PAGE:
Choose the Correct Hard Drive Size for the Server Bay Size
You can’t choose the correct hard drive or the correct drive carrier until you actually know what size drive bay your server has. You should know that before you start ordering hard drives. How can you check this? Simple: press the release button, open the release handle, and slide the hard drive with its drive carrier out of the server. Just measure it. Do you have 2.5-inch or 3.5-inch drives?
The hot-plug hard drive needs a drive carrier to connect the hard drive to the server backplane. The backplane is connected to a DELL PERC RAID Controller, and RAID volume can be created or adjusted from the RAID controller menu after installation.
But what about standalone backplanes? Not all entry-level Dell PowerEdge servers have hot-plug backplanes. With a standalone backplane, hard drives are complete inside the server, and cables are connected directly to the hard drive connectors. On smaller Dell servers with basic controllers, hard drives are cabled one-by-one. Cabled hard drives aren’t hot-swappable.
What’s the purpose of a hard drive carrier?
Hard drive carriers are multipurpose. The hard drive carrier/frame/removable hard drive enclosure is just a modified drive bay that allows a standard hard drive in a carrier assembly to be removed and inserted with little effort. The carriers have a release handle that can be used to push the drive out of the server. Basically, a hard drive carrier converts an internal hard drive into a removable hard drive.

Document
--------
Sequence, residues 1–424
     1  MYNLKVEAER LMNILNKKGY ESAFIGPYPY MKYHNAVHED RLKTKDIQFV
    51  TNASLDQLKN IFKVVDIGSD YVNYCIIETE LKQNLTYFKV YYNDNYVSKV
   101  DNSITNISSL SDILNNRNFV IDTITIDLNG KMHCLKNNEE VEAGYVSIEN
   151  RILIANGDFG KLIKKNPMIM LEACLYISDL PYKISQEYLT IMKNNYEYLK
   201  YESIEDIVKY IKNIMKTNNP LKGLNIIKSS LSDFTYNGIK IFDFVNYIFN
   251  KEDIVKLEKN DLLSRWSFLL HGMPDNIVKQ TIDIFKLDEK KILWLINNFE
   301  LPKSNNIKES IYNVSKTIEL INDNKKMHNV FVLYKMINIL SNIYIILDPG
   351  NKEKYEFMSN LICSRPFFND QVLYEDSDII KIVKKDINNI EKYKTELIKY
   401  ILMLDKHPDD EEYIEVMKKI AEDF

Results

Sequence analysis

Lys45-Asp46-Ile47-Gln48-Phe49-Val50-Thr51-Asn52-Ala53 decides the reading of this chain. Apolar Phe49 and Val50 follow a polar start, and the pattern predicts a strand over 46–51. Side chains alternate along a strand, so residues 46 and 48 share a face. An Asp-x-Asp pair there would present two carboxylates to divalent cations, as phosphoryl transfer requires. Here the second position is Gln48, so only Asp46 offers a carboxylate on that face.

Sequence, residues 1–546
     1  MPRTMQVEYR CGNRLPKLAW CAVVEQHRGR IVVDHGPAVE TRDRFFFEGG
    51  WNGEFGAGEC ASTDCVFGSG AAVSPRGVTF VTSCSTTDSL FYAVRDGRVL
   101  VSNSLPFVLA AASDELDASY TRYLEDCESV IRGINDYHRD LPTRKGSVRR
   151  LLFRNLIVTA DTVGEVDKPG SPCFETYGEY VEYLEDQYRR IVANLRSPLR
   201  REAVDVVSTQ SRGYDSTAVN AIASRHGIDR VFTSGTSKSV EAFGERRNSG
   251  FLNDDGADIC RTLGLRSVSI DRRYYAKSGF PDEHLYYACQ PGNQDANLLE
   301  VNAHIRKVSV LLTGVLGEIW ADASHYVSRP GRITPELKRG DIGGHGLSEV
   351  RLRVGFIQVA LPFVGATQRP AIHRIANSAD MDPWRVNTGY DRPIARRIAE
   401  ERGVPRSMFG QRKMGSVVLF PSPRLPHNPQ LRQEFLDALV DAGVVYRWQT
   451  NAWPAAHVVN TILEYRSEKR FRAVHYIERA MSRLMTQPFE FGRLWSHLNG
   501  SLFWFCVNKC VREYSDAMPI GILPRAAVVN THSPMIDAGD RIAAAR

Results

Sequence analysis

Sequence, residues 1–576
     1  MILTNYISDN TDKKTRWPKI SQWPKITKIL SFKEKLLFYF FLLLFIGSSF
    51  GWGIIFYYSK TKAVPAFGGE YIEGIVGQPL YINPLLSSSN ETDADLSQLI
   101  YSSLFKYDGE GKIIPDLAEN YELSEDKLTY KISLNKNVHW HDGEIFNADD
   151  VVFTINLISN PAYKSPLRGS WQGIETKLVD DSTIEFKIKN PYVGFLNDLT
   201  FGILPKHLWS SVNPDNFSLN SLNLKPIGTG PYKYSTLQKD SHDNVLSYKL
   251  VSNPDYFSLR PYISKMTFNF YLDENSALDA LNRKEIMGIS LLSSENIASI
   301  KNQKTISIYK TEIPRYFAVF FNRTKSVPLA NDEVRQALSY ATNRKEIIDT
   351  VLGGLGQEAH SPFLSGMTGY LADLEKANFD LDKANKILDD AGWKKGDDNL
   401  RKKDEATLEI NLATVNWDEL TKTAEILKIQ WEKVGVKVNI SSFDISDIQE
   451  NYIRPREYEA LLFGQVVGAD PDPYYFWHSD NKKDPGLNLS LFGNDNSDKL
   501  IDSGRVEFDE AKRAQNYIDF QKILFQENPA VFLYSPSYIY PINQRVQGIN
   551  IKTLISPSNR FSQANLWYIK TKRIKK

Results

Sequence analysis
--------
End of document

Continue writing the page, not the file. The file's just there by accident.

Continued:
Hard drive connectors have to hit backplane connectors precisely, or the entire installation won’t work. That’s another purpose of the hard drive carrier – it physically holds the hard drive in the correct position, so the connectors meet.
It’s important to have the correct carrier for the hard drive. One hard drive should be in- stalled per drive carrier. If the server bays aren’t full, a plastic drive “blank” cover can be used, which also helps the cooling process work properly so hard drives won’t overheat.
What is Dell remote management?
The Dell Remote Access Controller (DRAC) is a management platform on certain Dell servers which can be provided on a separate expansion card or integrated into the main board (iDRAC). The DRAC has its own processor, memory, network connection, and access to the system bus. Its key features include power management, virtual media access, and remote console capabilities, all accessible through a supported web browser or command-line interface, letting system administrators configure a machine as if they were sitting right at the terminal.The iDRAC with a lifecycle controller doesn’t require an operating system or hypervisor to work. The lifecycle controller is embedded in every Dell PowerEdge server at the factory, providing functionality that helps deploy, update, maintain, and monitor servers, and keep and collect log files of different server events – with or without a systems management software agent.